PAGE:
DESPITE Labour’s silver-tongued political correctness over the past five years, the party is facing melt-down next month when the ordinary people of Ireland punch home the fact that everything wrong with this country is not due to the tyranny of the Catholic Church, but to the party’s uselessness.
The Cloth Cap Brigade, you see, abandoned whatever principles it had on becoming suffused with Fine Gael meanness. Worse still, it endorsed the Blueshirt message that Ireland had to shake off the remnants of traditional values in order to join the 21st century.
In the process, Labour became an enthusiastic participant in the Fine Gael mission to be on the side of everything that was swish, trendy, financed by shifty lobbies and backed by sympathetic cronies in the meeja – particularly in RTÉ and the Indo-Sindo.
But now retributive justice is on its way. The polls are indicating that, although Fine Gael will not repeat its 76-seat record of the 2011 election, it has retained the vital core support of its smug, conservative stronghold in town and country. Labour, on the other hand is facing Armageddon.
Why? Because it endorsed Fine Gael’s tolerance of the systemic rot that accompanied the imposition of water and property taxes, the fact that oligarchies control the media, that the banking sector is in a state of putrefaction, that chaos reigns in the gardaí and that a breakdown afflicts the health service.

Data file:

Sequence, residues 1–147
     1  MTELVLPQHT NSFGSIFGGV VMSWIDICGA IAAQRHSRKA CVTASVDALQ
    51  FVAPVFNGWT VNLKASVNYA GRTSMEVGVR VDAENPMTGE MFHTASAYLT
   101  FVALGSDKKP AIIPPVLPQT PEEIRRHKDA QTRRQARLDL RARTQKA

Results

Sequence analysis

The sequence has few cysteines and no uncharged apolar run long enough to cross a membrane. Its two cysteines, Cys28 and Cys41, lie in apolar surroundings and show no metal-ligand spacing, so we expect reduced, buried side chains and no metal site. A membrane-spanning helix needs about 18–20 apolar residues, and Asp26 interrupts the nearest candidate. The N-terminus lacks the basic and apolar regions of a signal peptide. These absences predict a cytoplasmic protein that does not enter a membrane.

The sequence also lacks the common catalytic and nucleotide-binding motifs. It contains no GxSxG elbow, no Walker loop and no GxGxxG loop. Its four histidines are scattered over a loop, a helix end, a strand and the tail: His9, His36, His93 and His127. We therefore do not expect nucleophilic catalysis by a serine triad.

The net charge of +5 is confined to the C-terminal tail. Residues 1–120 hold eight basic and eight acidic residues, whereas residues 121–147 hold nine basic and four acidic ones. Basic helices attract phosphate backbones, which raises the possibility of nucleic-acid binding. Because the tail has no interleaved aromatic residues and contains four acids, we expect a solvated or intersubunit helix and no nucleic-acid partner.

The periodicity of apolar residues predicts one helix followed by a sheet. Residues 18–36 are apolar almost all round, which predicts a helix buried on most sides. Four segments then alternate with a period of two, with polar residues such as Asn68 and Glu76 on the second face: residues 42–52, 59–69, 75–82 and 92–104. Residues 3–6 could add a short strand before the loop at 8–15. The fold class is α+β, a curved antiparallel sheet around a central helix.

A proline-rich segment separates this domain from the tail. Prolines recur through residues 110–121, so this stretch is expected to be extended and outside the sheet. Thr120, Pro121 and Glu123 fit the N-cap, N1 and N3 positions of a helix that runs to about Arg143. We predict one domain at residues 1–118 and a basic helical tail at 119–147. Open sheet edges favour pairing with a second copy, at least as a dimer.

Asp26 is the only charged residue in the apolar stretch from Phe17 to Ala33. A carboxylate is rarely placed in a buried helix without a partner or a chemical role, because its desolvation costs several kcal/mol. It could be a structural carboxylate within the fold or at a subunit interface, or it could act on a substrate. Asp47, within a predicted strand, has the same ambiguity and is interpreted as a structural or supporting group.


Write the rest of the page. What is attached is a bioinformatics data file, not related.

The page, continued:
It’s sad, of course, that Labour is a victim of public revulsion, considering the trendy efforts it made to be on the side of everything that was commercial, saleable, and economically with-it, even if it meant Labour’s social conscience disappearing down the jacks.
The failures of Education Minister, Jan O’Sullivan, are a case in point. Following in the footsteps of her predecessor, Ho Chi Quinn, O’Sullivan wanted to leave an indelible mark on Ireland’s newest political football, education.
In Quinn’s case, abolishing the Junior Certificate and replacing it with a system of school-based continuous assessment was the essence of contemporary trendyism. The proposal originated in the country’s trendiest quango, the handsomely-financed National Council for Curriculum and Assessment, and it was totally off the wall. It had as much substance as Quinn’s solemn pre-election vow to oppose any increase in third-level registration fees.
The result? Parents, teachers and schools laughed Quinn out of court, but O’Sullivan was not deterred. Responding to mosquito groups such as Atheist Ireland, she declared less religion in primary schools was very desirable and began planning a new curriculum for schools that would not concentrate on teaching a particular religion. Instead schools would provide information about religion in general.
The surplus time achieved by having fewer religion classes would be devoted to philosophy, modern languages, financial education and ‘coding’ – topics that seven-year-olds would find enthralling!
Balmpot stuff that had to be taken seriously by the Bishops’ Council for Education! Last week the bishops issued a statement reminding the Minister that a school’s stated ethos (the values and principles) ‘is promoted by the owners or patrons-trustees of the school and not by central government. In Catholic schools religious education is based on a Christian vision of the human person with a clear respect for all people irrespective of faiths. This is expressed in a commitment to learning to engage in interreligious dialogue in age appropriate ways. Faith schools exist because there are parents who wish to have their children educated in accordance with their religious convictions. If the ethos of these schools is undermined then the rights of such parents are compromised.’